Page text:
March 5

Are digital games being overlooked in the education reform? Blog Task 1

In short, the answer to the question, “Are digital games being overlooked in education reform?” is, yes. Games seem to have so many obvious benefits for preparing young people for the 21st century but yet the time to adoption seems to be very slow.

I was trained to believe that my role was solely to impart knowledge. Traditionally teachers were considered the holders of knowledge, and that knowledge was a distinct set of “correct” facts which the teacher imparted to the students. (Woods, 2014).  Technology has changed society. The job of educators has changed and perhaps we are now more learning managers than teachers. Learning should not just involve those “correct facts” anymore, learning should be about those 21st century and employability skills.

Games have the potential to prepare students for the rapidly changing world. We have seen how highly motivating games can be, we just need to find ways to incorporate that into education. Part of the challenge is overcoming the perception that games don’t teach anything and have nothing of value to offer. Digital games, as opposed to traditional games enable the player to alter the world around them and their situation in it. (Becker, 2011) In order to achieve this successfully, the player is using and developing the ability to communicate and collaborate, they are problem solving, learning to persevere when trying to “level up”, and developing enhanced knowledge acquisition skills. This is rich learning which can genuinely prepare students for success in society.

As games and gaming appear to have arrived on the educational-technology agenda, how do you see them fitting into your practice?

Despite all the research and information out there to support the use of games, teachers and administration are skeptical. We need to overcome the stigma perpetuated by the media that games have a negative influence on our students. We unfortunately have to be concerned about standardised testing, time constraints, timetables, and outdated requirements and expectations from governing bodies. As Jesse Schell says in the Big Think presentation, Playing games in the Classroom,”playing games is a powerful tool but they don’t fit well into our education system”.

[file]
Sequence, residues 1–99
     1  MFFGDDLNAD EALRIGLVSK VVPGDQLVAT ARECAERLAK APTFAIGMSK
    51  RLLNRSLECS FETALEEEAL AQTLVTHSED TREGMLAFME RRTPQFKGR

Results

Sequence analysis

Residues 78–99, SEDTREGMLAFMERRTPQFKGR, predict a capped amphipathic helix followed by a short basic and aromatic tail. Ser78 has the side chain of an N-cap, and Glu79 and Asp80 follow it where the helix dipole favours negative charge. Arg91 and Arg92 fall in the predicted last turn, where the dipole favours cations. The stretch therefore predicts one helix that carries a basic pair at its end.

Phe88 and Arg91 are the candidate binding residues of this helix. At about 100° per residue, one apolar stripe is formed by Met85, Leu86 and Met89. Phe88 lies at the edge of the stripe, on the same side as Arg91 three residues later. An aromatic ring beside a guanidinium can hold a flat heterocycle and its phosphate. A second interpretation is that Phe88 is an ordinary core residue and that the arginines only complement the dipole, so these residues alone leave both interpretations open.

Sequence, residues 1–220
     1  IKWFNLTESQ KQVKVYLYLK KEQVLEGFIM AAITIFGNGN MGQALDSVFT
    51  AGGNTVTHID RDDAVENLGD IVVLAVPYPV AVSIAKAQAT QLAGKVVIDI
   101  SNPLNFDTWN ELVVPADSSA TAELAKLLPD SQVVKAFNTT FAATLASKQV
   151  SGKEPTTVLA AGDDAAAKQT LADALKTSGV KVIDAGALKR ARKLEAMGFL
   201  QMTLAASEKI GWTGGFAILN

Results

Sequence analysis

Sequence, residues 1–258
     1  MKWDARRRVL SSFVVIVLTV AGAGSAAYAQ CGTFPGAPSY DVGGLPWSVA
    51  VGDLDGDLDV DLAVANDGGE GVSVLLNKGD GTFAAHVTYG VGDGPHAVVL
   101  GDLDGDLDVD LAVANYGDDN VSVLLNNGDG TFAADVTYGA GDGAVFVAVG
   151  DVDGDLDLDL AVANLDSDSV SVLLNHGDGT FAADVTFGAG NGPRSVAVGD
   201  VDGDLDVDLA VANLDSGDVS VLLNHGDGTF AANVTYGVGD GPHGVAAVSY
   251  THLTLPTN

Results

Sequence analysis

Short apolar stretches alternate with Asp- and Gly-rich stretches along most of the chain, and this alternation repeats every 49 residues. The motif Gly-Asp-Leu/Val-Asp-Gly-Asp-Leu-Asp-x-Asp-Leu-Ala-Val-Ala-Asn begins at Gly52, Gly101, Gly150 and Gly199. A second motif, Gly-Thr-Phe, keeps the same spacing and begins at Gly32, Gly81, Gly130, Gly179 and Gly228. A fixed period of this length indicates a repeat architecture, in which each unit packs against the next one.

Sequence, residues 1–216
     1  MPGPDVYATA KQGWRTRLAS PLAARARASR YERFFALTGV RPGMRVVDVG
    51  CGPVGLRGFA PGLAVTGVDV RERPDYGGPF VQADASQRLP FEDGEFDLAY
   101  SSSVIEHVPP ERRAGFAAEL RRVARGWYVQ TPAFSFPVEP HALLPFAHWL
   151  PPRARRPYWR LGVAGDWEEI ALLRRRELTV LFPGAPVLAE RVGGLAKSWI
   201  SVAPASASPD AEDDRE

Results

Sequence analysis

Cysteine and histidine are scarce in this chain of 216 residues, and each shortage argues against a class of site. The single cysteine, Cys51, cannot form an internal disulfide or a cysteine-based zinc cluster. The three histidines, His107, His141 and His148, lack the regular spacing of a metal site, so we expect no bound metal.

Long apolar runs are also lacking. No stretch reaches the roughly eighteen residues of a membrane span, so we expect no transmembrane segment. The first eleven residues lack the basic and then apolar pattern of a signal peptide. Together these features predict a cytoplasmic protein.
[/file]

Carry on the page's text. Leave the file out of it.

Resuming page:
What is the context of your learning?

Teaching in a trade college, my audience are young people who are completing their year 12 while seeking or participating in an apprenticeship. Hence the benefit of developing those employability skills through games is hugely attractive

What are your personal aims in this subject?

I NEED to learn to play and understand digital games, I need to become familiar with the terminology and the practice. I can’t use them effectively until I have actively engaged myself.

What challenges are you hoping to meet for yourself?

The reason that I have overlooked games is that I don’t have the knowledge or the confidence to use them.  Donahoo says, “Inspiring or convincing teachers of the benefit of digital games is easy but we need to guide them to resources that will help them understand how to implement it in meaningful ways” (Donahoo,2013)

I NEED to up-skill myself so that I have the confidence to use games to prepare my students better, for the real world

References

Becker, K. (2011). Distinctions between games and learning: A review of current literature on games in education. In Gaming and Simulations: Concepts, Methodologies, Tools and Applications

Donahoo, D (2013). NMC Red Archive. Retrieved from http://redarchive.nmc.org/news/curating-way-we-teach-games

EF Explore America. (2012, March 15)What is 21st century learning [Video file]. Retrieved from https://www.youtube.com/watch?v=Ax5cNlutAys

Schell, J, Playing games in the classroom. Retrieved  from  https://www.youtube.com/watch?v=bA7KuOyH3PQ

Woods, N. (2014). Describing discourse: A practical guide to discourse analysis. USA: Routledge.


Posted March 5, 2016 by moraig in category INF541

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